Background: Abnormal activation of the Wnt/beta-catenin signaling pathway is common and critical in the pathogenesis of digestive cancers. In this study, the authors investigated the promoter methylation of the dickkopf homolog 3 gene Dkk-3 in these cancers and its prognostic significance in gastric cancer.
Methods: Dkk-3 methylation was assessed in 173 patients with gastric cancers (including 104 patients who were followed for up to 4090 days) and in 128 patients with colorectal cancer. Cell growth was evaluated by using a colony-formation assay. For survival analyses, the authors used Kaplan-Meier plots, the log-rank test, and Cox proportional regression.
Results: Dkk-3 was silenced or down-regulated in 12 of 17 gastric cancer cell lines (70.6%) and in 3 of 9 colon cancer cell lines (33.3%). The loss of gene expression was associated with promoter methylation, which could be restored by demethylating agents. Ectopic expression of Dkk-3 suppressed colony formation. Moreover, methylation of Dkk-3 was detected in 117 of 173 primary gastric tumors (67.6%) and in 67 of 128 colorectal tumors (52.3%). The clinical significance and the prognostic value of Dkk-3 methylation also were examined in 104 gastric cancers and in 84 colorectal cancers. Multivariate analysis indicated that Dkk-3 methylation was associated significantly and independently with poor disease survival (relative risk, 2.534; 95% confidence interval, 1.54-4.17; P=.002) in gastric cancer, but not in colorectal cancer. Kaplan-Meier survival curves revealed that patients who had Dkk-3 methylated gastric cancers had a significantly shorter survival (median, 0.76 years) compared with patients who did not have Dkk-3 methylation (median, 2.68 years; P<.0001; log-rank test).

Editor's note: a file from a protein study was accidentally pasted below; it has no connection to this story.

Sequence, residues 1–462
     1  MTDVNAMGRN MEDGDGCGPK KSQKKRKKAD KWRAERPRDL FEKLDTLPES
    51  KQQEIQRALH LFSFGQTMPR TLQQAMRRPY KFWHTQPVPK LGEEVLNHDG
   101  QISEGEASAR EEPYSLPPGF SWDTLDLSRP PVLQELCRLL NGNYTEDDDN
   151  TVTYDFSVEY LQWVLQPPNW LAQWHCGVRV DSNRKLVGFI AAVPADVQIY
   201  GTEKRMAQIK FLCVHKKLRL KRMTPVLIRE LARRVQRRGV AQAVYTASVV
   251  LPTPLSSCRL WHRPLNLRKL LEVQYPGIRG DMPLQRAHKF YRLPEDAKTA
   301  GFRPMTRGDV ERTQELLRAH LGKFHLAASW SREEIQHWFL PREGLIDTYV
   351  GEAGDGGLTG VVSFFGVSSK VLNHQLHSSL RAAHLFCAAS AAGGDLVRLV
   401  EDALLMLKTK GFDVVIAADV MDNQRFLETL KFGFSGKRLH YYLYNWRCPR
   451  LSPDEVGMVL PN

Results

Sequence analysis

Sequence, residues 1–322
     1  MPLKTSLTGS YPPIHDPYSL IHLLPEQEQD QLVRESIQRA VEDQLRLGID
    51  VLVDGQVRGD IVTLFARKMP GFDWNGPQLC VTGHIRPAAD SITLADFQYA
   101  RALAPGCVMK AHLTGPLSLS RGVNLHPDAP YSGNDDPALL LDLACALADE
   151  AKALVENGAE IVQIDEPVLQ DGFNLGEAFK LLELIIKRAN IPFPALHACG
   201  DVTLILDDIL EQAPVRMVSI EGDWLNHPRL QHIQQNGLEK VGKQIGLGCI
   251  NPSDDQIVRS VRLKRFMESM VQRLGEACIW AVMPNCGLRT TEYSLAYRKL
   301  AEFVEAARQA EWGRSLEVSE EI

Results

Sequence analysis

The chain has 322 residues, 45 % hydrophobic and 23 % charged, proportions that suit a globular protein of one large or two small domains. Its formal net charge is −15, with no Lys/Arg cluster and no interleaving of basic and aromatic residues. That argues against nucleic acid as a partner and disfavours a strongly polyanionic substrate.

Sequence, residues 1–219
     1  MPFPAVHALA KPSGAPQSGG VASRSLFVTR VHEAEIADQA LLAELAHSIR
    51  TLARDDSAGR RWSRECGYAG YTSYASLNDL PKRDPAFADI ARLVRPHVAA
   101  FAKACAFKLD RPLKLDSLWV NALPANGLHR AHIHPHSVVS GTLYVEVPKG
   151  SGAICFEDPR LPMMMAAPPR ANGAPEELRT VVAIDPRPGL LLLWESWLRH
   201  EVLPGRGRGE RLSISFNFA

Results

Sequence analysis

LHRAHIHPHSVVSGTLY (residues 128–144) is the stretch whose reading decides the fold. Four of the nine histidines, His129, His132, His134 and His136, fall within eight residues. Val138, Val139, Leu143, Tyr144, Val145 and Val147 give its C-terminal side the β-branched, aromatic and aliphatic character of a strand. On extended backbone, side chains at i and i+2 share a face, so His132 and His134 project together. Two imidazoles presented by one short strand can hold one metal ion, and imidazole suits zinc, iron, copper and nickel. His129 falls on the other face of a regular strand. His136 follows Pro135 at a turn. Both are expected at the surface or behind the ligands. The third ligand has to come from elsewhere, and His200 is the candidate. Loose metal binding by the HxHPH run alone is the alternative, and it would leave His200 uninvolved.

Conclusions: Epigenetic silencing of the Dkk-3 gene by promoter methylation was a common event in gastric cancer and was associated with a poor outcome in such patients.
Copyright (c) 2008 American Cancer Society.